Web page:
With the possibility of an all-time record crowd attending the inauguration, ticket holders are worried of just making it on time.
The Joint Congressional Committee on Inaugural Ceremonies has issued its last release, reminding guests of the screening cutoff at 11:30 a.m. Late arrivals will not be allowed entrance.
Rebekah Musgrove, a Capitol Hill resident who has an inaugural ticket, said her Hill staff co-workers who live in Northern Virginia are trying to figure out the easiest way to the ceremony.
She has heard of at least 15 staffers staying overnight at their offices in the Dirksen Senate Office Building, and many others are parking their cars at the Senate parking lot Monday night.
“I heard some are taking their futons into work… . If I do, I will probably bring an air mattress or sleep on the floor. I probably wouldn’t get a good night’s sleep,” she said.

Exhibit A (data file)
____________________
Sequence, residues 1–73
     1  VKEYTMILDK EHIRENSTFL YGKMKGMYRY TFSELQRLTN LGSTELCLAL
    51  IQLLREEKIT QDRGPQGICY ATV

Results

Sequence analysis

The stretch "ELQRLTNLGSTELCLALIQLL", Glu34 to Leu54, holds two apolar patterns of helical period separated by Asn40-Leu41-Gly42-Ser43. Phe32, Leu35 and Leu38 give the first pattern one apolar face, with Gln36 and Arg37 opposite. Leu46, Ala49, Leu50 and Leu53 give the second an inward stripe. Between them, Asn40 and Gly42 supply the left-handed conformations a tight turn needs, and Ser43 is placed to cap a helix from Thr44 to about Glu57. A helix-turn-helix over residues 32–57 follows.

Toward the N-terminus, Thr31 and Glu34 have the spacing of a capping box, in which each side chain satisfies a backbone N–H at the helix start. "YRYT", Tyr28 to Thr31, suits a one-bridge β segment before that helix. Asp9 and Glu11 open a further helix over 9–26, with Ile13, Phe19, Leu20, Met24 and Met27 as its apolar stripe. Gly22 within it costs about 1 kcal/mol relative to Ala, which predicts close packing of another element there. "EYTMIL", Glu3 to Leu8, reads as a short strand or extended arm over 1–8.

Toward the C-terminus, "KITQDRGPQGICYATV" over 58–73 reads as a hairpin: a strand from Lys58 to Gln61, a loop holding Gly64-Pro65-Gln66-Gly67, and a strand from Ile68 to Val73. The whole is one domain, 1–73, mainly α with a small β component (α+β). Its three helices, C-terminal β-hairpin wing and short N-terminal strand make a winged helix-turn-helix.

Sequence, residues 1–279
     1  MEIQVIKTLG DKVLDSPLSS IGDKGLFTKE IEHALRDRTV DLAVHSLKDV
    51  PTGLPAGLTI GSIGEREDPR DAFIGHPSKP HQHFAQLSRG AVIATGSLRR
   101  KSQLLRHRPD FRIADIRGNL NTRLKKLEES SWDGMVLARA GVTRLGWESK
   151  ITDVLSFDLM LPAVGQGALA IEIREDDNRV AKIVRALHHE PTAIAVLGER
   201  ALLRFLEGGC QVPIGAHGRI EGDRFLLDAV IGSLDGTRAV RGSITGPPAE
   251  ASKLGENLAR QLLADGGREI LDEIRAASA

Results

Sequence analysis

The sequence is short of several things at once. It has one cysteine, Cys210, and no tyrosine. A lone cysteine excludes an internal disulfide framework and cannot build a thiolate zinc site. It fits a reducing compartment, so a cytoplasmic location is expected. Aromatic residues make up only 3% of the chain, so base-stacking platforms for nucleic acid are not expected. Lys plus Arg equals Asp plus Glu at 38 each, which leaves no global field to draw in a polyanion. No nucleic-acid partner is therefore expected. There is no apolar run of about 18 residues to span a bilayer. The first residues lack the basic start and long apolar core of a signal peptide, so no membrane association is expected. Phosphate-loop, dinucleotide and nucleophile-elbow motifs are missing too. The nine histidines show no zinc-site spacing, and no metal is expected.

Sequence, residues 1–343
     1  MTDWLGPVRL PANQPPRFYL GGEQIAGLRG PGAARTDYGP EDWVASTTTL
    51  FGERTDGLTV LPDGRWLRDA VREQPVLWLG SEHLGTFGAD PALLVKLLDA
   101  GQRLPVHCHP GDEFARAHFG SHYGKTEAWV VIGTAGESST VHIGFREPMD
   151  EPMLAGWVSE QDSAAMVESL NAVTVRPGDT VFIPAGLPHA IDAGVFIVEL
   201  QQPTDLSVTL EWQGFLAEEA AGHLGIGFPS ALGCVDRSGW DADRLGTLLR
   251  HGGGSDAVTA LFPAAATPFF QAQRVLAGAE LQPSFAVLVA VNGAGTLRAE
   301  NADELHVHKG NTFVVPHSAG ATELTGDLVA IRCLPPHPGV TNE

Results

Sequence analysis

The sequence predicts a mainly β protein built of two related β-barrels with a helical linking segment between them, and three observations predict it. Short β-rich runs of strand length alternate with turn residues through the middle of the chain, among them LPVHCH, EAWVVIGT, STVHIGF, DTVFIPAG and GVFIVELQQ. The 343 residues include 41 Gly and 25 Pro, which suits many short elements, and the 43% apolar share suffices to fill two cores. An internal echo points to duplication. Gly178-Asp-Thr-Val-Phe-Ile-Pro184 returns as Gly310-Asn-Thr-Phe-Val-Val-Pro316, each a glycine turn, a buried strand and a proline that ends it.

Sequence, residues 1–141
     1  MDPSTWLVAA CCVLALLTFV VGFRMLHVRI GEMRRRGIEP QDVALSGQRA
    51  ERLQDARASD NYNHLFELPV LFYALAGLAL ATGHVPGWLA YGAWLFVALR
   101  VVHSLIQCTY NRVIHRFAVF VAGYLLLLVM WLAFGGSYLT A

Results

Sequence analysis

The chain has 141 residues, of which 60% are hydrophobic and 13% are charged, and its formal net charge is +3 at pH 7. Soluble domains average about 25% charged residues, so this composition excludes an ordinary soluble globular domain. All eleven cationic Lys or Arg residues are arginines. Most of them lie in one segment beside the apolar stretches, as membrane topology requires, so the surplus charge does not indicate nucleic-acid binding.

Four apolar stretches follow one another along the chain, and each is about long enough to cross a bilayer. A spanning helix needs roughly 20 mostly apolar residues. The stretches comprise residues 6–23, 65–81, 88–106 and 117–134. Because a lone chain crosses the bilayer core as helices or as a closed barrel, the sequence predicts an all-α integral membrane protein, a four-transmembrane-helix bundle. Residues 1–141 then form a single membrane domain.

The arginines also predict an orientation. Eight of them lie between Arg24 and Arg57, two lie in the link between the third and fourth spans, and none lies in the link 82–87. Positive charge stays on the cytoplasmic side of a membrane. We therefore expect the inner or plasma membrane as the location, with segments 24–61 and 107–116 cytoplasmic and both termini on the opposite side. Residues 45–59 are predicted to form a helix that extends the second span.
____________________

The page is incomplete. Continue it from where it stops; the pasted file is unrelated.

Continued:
“I don’t think people really know what to expect. There’s just no way of really knowing,” she said.
However, there are strict rules for Hill staffers about staying overnight in congressional offices, said a source in the House sergeant at arms’ office.
Eva Malecki, communications officer in the Office of the Architect of the Capitol, wrote in an e-mail of what she knows:
“I understand there are a number of staff from Members’ offices who are staying overnight as well as staff from support Agencies such as ours. However, I do not have any specific numbers of those who are. You would have to check with each Members’ office to get a head count.”
Restaurant Associates is offering boxed meals for $9.95 to Senate staffers who needed to stay overnight and were qualified — but only 14 had signed up.
“It seems like what most people are doing at the House and Senate is arriving at 1 or 2 a.m.,” said Aiden Murphy, vice president of Restaurant Associates at its Washington office.
He said he anticipates a larger crowd at 6 a.m. for the continental breakfast buffet at both the House and Senate cafeterias.